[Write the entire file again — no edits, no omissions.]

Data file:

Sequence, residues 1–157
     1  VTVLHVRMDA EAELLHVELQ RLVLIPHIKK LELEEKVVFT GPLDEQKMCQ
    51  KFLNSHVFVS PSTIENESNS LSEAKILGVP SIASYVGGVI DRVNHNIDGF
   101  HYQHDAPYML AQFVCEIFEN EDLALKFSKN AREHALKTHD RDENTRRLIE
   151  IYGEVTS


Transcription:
Sequence, residues 1–157
     1  VTVLHVRMDA EAELLHVELQ RLVLIPHIKK LELEEKVVFT GPLDEQKMCQ
    51  KFLNSHVFVS PSTIENESNS LSEAKILGVP SIASYVGGVI DRVNHNIDGF
   101  HYQHDAPYML AQFVCEIFEN EDLALKFSKN AREHALKTHD RDENTRRLIE
   151  IYGEVTS